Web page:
Bush, a former Texas oilman, said of oil costs, "I think that basically the price is determined by the marketplace and that's the way it should be."
In an interview with the Associated Press, Bush also addressed oil's future, offering a more ambitious hope than in his State of the Union speech for cutting imports from the volatile Mideast.
"I believe in a relatively quick period of time, within my lifetime, we'll be able to reduce if not end dependence on Middle Eastern oil by this new technology" of converting corn, wood, grasses and other products into ethanol, he said.
In his address Tuesday night, Bush had set a goal of reducing the nation's Mideast oil imports by 75 percent by 2025.
With three years left in his second term, Bush declined to say what -- if any -- role he would take in the selection of a Republican candidate to succeed him in the 2008 presidential race. But he accepted the proposition that Secretary of State Condoleezza Rice would not be a contender.
"I think you need to take her at her word that she's not running," Bush said in a conversation on Air Force One as he flew to Tennessee for a speech.
"My political focus is on 2006," said Bush, who plans a major campaign role this year in the midterm congressional elections. "To the extent that I am thinking politics, it is to retain the (Republican) leadership of the House and the Senate."
Early this week, Exxon reported record profits of $10.71 billion for the fourth quarter and $36.13 billion for the year -- the largest of any U.S. company. While some politicians raised furious objections, Bush had a different reaction.
"There is a marketplace in American society," he said.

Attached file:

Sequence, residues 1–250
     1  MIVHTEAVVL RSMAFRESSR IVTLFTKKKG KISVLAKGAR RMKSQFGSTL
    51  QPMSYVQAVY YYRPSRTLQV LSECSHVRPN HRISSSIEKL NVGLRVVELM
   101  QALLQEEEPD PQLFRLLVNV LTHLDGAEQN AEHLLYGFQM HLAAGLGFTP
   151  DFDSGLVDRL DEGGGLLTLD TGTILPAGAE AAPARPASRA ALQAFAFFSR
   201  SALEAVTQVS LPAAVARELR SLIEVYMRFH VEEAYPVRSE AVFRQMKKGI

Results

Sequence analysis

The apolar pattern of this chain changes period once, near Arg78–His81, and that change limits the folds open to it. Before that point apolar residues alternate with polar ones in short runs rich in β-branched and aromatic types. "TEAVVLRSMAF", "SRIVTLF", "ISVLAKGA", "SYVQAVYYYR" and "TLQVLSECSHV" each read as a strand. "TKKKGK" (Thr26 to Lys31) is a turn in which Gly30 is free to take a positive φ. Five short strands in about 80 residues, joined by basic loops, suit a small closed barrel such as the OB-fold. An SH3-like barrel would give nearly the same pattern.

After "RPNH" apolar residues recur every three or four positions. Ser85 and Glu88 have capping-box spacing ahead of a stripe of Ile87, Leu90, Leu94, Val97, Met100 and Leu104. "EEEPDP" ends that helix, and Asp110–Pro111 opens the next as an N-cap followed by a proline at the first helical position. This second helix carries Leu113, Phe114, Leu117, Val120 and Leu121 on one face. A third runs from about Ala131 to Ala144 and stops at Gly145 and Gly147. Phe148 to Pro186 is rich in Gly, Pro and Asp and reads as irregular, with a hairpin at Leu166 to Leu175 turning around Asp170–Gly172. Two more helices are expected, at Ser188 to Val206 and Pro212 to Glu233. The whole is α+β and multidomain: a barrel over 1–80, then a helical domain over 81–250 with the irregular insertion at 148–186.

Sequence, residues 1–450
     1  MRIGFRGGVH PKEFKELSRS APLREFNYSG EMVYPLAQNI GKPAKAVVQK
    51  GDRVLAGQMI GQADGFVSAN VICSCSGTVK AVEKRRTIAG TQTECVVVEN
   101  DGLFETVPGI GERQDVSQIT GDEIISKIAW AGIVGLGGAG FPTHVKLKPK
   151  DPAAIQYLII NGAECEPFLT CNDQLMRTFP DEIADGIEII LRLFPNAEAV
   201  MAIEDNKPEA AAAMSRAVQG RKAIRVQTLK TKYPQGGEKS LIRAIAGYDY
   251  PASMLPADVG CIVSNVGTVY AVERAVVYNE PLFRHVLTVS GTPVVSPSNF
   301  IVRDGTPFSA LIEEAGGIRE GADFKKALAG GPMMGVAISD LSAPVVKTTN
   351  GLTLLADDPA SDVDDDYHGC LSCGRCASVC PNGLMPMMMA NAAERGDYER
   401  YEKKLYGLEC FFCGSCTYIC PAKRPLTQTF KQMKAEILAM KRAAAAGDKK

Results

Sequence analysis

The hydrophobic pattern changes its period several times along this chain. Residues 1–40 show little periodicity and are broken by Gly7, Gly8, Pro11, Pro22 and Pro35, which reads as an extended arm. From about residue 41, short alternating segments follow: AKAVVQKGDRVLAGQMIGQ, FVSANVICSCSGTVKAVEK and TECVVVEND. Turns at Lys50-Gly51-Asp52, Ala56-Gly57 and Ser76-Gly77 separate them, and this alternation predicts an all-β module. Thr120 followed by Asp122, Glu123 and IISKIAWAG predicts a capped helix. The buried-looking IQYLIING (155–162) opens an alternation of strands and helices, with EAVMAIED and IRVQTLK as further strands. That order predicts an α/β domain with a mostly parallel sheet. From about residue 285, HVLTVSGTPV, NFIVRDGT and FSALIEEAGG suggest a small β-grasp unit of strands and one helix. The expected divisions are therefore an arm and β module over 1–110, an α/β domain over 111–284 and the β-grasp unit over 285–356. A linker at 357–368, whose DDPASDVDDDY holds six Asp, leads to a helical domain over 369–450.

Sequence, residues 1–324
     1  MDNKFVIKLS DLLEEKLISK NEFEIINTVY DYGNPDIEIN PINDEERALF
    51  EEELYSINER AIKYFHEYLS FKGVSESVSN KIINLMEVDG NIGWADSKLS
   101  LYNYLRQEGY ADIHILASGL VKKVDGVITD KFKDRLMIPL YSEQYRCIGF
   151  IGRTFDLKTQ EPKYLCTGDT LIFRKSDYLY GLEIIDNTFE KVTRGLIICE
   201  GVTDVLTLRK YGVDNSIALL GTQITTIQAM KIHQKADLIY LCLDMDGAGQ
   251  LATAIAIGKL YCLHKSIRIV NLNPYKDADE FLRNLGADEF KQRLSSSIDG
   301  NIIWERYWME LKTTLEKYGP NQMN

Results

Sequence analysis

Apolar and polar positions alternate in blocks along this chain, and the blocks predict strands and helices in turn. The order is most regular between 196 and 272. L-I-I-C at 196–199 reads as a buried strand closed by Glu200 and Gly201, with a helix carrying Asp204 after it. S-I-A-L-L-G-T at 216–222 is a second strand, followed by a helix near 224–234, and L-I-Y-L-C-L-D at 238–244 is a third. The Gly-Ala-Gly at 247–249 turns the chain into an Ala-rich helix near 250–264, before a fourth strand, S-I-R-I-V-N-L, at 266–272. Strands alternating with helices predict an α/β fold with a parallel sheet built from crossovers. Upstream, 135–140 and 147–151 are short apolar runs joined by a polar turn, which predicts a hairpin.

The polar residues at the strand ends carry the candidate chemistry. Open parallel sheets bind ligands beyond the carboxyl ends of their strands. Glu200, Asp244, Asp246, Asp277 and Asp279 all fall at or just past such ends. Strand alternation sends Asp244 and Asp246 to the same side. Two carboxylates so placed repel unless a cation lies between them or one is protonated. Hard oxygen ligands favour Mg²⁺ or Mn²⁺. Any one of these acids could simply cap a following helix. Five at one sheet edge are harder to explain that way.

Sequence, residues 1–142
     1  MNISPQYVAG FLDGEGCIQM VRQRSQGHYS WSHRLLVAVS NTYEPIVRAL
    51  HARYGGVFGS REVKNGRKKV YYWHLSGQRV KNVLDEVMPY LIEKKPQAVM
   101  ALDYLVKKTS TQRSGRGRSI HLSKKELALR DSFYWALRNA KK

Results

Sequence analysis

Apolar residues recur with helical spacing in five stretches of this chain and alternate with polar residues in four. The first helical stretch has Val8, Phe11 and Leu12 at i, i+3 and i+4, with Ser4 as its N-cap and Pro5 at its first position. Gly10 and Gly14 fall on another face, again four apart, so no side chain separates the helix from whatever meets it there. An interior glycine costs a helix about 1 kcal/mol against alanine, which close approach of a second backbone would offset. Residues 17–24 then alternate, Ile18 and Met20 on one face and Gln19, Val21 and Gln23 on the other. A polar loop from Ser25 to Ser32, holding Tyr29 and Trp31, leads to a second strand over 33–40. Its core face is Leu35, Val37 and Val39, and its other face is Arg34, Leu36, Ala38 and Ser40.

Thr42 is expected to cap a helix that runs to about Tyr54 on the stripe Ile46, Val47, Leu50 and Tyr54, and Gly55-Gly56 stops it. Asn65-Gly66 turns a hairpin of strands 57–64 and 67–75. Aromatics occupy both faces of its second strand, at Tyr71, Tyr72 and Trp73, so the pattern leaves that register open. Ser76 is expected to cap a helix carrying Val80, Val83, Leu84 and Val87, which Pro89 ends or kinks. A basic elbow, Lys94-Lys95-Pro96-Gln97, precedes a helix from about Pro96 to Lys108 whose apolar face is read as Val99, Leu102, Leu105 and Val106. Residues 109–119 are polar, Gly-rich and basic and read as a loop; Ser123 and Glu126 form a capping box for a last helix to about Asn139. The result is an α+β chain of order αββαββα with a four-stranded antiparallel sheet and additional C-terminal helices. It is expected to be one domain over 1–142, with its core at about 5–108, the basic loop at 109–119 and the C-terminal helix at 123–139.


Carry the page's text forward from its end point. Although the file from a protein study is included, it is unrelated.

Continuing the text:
"There's also a responsibility for energy companies to continue to invest and improve the ways that the American people can get energy," he said. "I would very much hope that Exxon would participate in the development of a pipeline out of Alaska, for example, in order to make sure there's more natural gas available for families and small-business owners, so the economy will grow."
Bush said his goal is to diversify away from a "hydrocarbon society. I meant what I said last night, that America's addiction to oil is bad for this country. In order to remain competitive, we've got to use technology to diversify away from dependence upon oil.
"I am told we are close to significant breakthroughs when it comes to the production of ethanol... and that within six years the development of technology will be able to produce energy on a competitive basis," he said.
On the international front, Bush talked about trouble in Iran and in the Palestinian territory.
He said it was too early to tell what path Hamas would choose in dealing with Israel. "The conditions for peace and the conditions for a settlement will be up to Hamas to make the right decisions," he said.
However, he said his oft-stated goal of a Palestinian state in the region cannot be realized if a Hamas-led government refuses to renounce its desire to destroy Israel.
"I made the position of this government very clear," Bush said. "Hamas must renounce its desire to destroy Israel; it must recognize Israel's right to exist and it must get rid of the armed wing of its party.
"In order for there to be democracy and in order for there to be two states living side by side with peace, you can't have the party of one state intending to destroy the other state," he said.
Bush was asked about Iran in view of Iranian President Mahmoud Ahmadinejad's vow to resist the pressure of "bully countries" as European nations circulated a draft resolution urging that Tehran be brought before the U.N. Security Council for its nuclear activities.
"We cannot afford to have Iran with a nuclear weapon," Bush said. "We want them to have nuclear power but under the conditions that we describe." The United States supports a plan in which Russia would handle the reprocessing of spent fuel from Iran.
But Bush held out little hope of avoiding a showdown.